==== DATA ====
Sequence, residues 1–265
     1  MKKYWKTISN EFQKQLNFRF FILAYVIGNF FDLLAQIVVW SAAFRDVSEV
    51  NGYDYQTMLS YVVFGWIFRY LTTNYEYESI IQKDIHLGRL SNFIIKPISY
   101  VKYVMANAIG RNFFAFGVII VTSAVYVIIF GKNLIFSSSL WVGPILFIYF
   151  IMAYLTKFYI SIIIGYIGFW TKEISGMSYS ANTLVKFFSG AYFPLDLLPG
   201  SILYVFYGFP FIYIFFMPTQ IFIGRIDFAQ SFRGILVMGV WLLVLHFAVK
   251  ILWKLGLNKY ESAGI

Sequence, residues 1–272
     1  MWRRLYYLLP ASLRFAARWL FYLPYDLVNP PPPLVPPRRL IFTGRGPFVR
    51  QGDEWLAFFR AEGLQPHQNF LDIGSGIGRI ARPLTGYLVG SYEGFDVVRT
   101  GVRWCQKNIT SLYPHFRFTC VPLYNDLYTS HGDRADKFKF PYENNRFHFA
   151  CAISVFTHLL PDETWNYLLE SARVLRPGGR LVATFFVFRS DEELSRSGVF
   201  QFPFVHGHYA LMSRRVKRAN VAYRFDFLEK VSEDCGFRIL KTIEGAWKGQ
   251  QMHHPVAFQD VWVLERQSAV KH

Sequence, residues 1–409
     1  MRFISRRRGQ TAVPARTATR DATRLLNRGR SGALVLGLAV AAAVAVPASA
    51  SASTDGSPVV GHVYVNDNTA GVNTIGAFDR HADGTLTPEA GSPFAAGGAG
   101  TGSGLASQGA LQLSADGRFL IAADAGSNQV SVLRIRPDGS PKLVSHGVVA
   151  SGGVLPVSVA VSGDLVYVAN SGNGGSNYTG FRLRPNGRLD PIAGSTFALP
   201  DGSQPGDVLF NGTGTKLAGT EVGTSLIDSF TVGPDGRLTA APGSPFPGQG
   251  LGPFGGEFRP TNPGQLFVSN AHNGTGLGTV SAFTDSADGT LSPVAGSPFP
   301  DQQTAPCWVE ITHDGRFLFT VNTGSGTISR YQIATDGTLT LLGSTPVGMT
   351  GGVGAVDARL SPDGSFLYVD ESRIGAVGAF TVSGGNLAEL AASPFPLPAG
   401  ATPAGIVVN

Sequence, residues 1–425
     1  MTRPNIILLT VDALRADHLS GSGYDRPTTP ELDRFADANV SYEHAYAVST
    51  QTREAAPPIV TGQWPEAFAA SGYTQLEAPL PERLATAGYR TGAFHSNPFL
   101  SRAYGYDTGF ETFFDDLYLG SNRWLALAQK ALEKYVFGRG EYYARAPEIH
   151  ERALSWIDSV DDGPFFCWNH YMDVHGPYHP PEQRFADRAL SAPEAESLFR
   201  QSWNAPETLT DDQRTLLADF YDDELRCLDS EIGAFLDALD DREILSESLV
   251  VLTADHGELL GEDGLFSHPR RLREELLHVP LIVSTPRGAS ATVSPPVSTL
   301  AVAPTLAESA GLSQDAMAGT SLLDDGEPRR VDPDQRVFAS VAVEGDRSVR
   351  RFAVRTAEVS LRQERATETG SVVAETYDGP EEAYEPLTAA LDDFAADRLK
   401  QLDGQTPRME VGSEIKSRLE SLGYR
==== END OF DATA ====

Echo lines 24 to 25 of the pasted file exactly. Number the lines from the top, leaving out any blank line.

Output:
   401  ATPAGIVVN

Sequence, residues 1–425